Philippine UN Peacekeepers Safe After 'Greatest Escape'

All 75 Filipino troops serving as UN peacekeepers in the Golan Heights are safe after the last batch slipped away under cover of night from besieging Syrian rebels, military spokesmen said today.

Military chief General Gregorio Catapang called it "the greatest escape," and praised the soldiers.

"Although they were surrounded and outnumbered they held their ground," he told reporters.

The troops are part of a UN peacekeeping force which has been stationed in the Golan Heights since 1974 to monitor a ceasefire between Israel and Syria.

"Everyone is in a safe position. We left our (old) position but we brought all our arms," said Lieutenant Colonel Ramon Zagala.

An initial group of 35 Filipino troops were picked up from their position by Irish UN soldiers in armoured vehicles yesterday after Syrian rebels attacked their comrades positioned about four kilometres (two-and-a-half miles) away, said the Philippine military.

The remaining 40 soldiers engaged in a "seven-hour firefight" with rebels who tried to ram the gates with pick-up trucks carrying anti-aircraft guns. The troops later walked to safety to a UN position just over two kilometres away.

In a statement, the UN said the 40 Filipino peacekeepers withdrew shortly after midnight "during a ceasefire agreed with the armed elements".

They later moved to Camp Ziouani behind UN lines.

"There is no more standoff. All are safe," Zagala said.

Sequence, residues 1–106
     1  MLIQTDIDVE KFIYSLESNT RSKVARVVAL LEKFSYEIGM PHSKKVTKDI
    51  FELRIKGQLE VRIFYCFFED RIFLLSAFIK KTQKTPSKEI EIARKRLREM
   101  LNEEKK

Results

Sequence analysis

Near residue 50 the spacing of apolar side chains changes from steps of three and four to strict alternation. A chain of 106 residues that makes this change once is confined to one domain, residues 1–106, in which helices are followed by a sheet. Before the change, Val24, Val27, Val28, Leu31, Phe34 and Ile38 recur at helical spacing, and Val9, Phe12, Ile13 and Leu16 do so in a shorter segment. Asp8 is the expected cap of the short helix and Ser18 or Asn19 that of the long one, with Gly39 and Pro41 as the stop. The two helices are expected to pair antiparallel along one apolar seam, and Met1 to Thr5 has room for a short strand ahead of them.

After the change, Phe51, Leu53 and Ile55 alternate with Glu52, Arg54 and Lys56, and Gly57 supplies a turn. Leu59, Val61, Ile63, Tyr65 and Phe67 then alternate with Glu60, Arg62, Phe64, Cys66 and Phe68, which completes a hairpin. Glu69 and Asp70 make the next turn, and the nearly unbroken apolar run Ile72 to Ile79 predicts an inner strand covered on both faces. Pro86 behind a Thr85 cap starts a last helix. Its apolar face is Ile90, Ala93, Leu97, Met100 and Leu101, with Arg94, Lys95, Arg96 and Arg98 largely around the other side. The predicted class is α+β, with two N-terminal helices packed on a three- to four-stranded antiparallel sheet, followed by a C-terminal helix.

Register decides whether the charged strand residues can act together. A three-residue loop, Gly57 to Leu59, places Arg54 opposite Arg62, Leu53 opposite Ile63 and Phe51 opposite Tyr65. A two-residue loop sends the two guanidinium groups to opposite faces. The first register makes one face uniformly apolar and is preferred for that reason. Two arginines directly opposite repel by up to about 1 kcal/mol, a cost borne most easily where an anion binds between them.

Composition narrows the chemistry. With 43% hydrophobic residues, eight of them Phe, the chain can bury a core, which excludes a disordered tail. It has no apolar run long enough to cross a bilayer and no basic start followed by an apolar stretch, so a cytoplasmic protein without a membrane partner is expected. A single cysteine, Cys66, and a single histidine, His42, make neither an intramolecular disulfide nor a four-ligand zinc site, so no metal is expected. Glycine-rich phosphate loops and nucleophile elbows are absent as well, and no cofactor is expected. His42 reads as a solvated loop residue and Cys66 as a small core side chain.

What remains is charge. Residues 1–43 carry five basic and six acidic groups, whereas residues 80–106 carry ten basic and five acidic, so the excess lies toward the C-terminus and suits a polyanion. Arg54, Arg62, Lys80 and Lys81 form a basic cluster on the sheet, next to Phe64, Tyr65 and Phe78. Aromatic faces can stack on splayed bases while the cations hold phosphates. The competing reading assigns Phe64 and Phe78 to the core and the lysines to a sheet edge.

The troops, burdened by their equipment and the cold weather, walked for about an hour and 40 minutes in the dark to reach safety, he said in Manila.

Military chief Catapang said the Syrian and Israeli governments had supported the Filipinos in upholding "the integrity of the area of separation.''

Catapang also credited the US and Qatar governments for helping safeguard the blue helmets but did not elaborate.

"The Armed Forces of the Philippines and the United Nations will not compromise the safety and security of our troops while in the pursuit of their duties.

"It is in our national interest to prioritise their safety without abandoning our commitment to international security," he said.

The head of Philippine peacekeeping operations, Colonel Roberto Ancan, said the Syrians had provided "indirect fire support" that took the pressure off the besieged Filipinos.

The peacekeepers were besieged by rebels Thursday but defied demands that they give up their weapons.

Emerging story. Watch this space for updates as more details come in
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